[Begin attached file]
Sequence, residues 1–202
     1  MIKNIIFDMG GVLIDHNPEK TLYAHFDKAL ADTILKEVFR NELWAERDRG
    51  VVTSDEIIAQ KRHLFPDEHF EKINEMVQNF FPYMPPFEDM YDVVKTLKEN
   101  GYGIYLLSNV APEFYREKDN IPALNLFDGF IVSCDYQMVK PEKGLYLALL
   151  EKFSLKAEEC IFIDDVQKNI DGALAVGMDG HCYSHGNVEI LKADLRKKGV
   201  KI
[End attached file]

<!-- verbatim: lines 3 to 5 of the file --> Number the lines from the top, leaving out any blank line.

    51  VVTSDEIIAQ KRHLFPDEHF EKINEMVQNF FPYMPPFEDM YDVVKTLKEN
   101  GYGIYLLSNV APEFYREKDN IPALNLFDGF IVSCDYQMVK PEKGLYLALL
   151  EKFSLKAEEC IFIDDVQKNI DGALAVGMDG HCYSHGNVEI LKADLRKKGV